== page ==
Crowdsourcing has several business applications: funding source, task assignment, knowledge sharing, and more. It’s helped product teams, marketing departments, strategic decision makers and tons of other disciplines to complete projects. I’m sure you’ve purchased a product that was dreamed up by someone in the crowd, we’ve all laughed at Super Bowl ads that were once crowd creative, but how do you know when it’s a good tool for you and your team to reach out to the crowd?
We find that people are ready to launch their first crowdsourcing initiative when they hit a few key roadblocks:
When you want fresh ideas. There’s a lot of research that shows that the more creative collisions that occur between ideas, the more likely those ideas are to be disruptive. Certainly these connections can occur inside an organization, but the conversation is inherently richer when there aren’t any boundaries at all. Diversity is a key ingredient here. (Actually: did you know that companies that report high levels of diversity are 45% more likely to report that their firm’s market share grew over the previous year and 70% more likely to report that the firm captured a new market) and if you invite as many people as possible to be part of the conversation, then it’s far more likely that you’ll source and combine ideas that are unique, surprising, and exciting.
When you want to build interest in your brand. Crowdsourcing has the benefit of building up a virtuous cycle with a brand. The public feels great that they’ve become a part of the future of a company and (especially if you move forward with some of their ideas), they become the built-in audience for when you launch a new initiative, product, or campaign. This, of course, requires some great communications skills. You can’t just ask for ideas and then not reply or fail to take action on any of them. Nothing breeds distrust in crowdsourcing like an absent moderator. But for those brands that listen? They’ll be rewarded with new fans – no matter what idea they move forward with.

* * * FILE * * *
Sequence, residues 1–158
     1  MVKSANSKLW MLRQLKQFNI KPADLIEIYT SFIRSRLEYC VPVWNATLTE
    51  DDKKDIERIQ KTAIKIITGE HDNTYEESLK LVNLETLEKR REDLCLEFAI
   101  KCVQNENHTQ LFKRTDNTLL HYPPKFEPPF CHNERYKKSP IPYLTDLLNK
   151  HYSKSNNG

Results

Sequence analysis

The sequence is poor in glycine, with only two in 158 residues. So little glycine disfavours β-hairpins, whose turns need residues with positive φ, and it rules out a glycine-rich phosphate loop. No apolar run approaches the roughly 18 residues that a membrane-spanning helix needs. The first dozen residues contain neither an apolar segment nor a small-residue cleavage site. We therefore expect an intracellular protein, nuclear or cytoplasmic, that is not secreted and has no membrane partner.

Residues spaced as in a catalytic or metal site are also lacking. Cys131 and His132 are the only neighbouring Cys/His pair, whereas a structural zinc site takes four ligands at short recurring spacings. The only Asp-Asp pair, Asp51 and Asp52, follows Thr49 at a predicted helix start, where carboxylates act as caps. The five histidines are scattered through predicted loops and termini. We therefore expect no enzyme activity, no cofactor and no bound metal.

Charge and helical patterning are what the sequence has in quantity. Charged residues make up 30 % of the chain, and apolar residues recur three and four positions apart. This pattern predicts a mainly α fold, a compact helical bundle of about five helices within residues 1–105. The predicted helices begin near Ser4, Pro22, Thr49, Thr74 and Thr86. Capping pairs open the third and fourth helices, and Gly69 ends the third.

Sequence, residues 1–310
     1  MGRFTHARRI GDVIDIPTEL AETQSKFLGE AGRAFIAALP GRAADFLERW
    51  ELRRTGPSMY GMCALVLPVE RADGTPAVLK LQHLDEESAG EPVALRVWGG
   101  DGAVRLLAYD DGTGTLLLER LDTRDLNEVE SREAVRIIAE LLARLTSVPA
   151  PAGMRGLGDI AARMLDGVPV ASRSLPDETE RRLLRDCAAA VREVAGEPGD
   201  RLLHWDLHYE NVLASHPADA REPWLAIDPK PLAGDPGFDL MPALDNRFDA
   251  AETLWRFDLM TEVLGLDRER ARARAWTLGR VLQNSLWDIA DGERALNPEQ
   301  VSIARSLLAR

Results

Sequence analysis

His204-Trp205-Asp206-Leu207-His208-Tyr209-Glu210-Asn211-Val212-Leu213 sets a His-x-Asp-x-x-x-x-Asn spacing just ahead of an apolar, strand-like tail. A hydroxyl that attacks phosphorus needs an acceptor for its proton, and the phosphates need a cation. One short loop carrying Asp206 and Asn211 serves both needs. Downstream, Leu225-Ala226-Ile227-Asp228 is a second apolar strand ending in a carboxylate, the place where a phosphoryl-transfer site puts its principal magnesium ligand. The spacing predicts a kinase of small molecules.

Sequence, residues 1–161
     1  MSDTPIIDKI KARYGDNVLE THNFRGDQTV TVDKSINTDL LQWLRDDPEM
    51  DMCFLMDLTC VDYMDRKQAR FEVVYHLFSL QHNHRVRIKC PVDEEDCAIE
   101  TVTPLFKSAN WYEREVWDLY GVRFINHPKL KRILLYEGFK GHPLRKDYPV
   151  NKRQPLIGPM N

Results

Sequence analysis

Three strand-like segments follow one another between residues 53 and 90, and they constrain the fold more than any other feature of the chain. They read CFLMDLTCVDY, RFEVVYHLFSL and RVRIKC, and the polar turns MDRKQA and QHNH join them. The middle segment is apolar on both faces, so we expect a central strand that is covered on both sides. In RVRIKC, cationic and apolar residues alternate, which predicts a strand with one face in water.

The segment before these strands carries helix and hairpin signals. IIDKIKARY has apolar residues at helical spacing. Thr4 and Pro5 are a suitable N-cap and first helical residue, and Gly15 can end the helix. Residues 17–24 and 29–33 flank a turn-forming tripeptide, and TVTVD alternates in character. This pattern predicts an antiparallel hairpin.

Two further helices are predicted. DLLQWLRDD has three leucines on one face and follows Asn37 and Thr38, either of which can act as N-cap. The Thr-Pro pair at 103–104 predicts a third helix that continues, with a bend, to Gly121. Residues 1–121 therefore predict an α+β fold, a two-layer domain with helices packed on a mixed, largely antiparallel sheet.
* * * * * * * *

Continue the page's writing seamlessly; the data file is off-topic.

When a survey won’t serve your market research needs. Yes, you got all the answers to the questions that you knew to ask. And yes, of the selections that you’ve presented, you have a direction you can take. But what about the questions that you didn’t know to ask? What about the options that it didn’t occur to you to put out there? How are you supposed to be conducting research with the public that takes your blind spots into account? Sure – a survey gives you data, but it doesn’t show you your defects or assumptions and it doesn’t point out solutions to those problems at the same time. Because the conversation is qualitative and omnidirectional in a crowdsourcing community, it is far more likely that you’ll get a rich set of data that de-risks the decisions you’ll make based on a fixed set of inputs like in a survey.
If you’d like to learn more about launching your first crowdsourcing challenge to a community of solvers, you can view a live community of solvers here. If it’s your first crowdsourcing challenge, sometimes it’s good to reach out to an existing group of people rather than draw your own crowd. What do you think you need to know to be ready for your first crowdsourcing challenge?